I changed my habits and my choices during graduate studies. I stopped smoking, started eating healthy and taking better care of myself. I found that I was suddenly inspired to climb mountains, ride mountain bikes and back country ski and I had the energy for it all which I never had that before. It was quite a gift.
I found that a lot of the health information that is out there came across as judgmental with, “you should be doing that or you should be doing this.” I hate it when people “should” on other people. So, I approached health with a perspective of, if we had more understanding and compassion and real perspective about health and well being, then people could choose it and see themselves as capable of becoming healthy. As a result, I wanted to share that opportunity with other people who hadn’t gained access to that information or understood that the way they were feeling was not the way they had to feel all the time. So, I ran a non-profit doing substance abuse prevention with teens and family and talked about empowering ways to make healthier choices. Then I did health promotions at the University of British Colombia working with organizations and individuals to promote healthy opportunities. Now, I work for the school of kinesiology, do private consulting and publish a holistic magazine called “Fruition”.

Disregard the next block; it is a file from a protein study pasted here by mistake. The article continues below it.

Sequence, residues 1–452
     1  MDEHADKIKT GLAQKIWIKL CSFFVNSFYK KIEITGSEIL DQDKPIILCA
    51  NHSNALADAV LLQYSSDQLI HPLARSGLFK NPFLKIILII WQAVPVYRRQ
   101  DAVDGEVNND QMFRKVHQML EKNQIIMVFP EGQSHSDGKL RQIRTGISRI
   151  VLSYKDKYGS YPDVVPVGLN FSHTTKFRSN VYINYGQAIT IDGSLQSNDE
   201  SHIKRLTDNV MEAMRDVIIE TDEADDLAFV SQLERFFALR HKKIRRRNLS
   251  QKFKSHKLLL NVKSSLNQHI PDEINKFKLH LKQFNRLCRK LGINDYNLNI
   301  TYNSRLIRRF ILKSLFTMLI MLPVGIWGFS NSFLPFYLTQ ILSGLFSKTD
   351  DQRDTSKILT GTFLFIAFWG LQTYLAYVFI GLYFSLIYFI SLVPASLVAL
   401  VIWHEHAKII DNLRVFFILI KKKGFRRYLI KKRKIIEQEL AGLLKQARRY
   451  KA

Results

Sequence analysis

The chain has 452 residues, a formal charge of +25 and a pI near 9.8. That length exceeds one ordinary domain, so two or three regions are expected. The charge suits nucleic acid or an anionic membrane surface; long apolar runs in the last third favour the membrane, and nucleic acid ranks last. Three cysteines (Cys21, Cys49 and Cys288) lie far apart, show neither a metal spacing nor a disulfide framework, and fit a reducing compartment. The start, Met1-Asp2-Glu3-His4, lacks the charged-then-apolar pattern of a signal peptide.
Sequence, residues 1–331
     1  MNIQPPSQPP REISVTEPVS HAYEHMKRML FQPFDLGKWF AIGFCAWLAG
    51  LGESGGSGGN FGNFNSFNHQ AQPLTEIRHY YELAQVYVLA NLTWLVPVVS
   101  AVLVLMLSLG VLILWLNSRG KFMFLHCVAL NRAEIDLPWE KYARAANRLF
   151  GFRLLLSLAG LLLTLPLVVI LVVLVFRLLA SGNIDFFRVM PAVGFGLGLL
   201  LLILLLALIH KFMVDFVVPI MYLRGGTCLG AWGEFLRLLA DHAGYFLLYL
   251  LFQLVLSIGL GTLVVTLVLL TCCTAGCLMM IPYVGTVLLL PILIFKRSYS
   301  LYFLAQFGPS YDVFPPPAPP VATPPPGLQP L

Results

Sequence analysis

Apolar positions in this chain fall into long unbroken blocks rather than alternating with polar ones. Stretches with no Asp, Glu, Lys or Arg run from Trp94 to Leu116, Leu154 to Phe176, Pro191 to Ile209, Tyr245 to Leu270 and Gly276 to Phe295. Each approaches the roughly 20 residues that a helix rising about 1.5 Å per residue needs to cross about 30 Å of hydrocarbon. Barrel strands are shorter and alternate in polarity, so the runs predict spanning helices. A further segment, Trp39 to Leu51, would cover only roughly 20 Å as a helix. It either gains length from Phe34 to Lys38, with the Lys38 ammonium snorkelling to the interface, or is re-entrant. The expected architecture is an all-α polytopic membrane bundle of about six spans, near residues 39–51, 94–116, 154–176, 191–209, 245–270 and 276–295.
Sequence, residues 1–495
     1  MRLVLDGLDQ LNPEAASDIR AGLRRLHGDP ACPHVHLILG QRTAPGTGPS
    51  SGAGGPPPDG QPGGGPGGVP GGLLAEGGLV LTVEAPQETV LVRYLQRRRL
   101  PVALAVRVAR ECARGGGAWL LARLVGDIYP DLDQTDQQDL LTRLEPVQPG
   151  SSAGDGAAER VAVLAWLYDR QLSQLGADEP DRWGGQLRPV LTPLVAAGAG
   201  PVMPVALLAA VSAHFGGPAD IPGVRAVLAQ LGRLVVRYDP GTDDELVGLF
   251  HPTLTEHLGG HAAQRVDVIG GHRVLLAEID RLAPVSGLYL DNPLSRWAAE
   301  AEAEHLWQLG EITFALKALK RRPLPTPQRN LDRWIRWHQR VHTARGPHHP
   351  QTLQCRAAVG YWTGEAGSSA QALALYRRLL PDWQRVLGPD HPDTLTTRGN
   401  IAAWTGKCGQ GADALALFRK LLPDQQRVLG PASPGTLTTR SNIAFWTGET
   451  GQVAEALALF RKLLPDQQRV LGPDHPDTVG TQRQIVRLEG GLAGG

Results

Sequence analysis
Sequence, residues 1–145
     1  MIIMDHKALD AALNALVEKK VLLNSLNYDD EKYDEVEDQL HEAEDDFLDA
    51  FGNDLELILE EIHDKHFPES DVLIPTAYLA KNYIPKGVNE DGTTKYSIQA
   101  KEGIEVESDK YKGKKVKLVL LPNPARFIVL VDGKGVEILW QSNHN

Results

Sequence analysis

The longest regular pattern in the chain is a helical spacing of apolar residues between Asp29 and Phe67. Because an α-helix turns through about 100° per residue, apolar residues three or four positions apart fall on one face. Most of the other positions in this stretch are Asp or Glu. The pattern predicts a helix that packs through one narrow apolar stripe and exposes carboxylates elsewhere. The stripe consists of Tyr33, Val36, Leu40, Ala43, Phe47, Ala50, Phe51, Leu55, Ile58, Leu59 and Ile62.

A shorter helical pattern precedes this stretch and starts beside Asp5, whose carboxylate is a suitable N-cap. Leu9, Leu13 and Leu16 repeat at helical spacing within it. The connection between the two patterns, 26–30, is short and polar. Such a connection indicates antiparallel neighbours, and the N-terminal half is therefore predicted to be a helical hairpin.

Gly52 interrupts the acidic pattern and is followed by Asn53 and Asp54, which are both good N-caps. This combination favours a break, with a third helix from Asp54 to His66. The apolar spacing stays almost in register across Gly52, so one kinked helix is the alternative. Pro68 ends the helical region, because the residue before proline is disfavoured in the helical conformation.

Antonia: That’s amazing! I believe that we pretty much know the basics of a healthy lifestyle (eat healthy and exercise). In your experience, what is the biggest challenge that people face in choosing to be healthy?
Suzanne: Self Efficacy.
Being able to understand and believe in one’s capabilities that they can be that healthier person.
It’s a resistance to feeling like you can never succeed in becoming that person. So, it’s getting an understanding of one’s ability to be different and that it can be enjoyable which was my biggest challenge and that I have seen in others.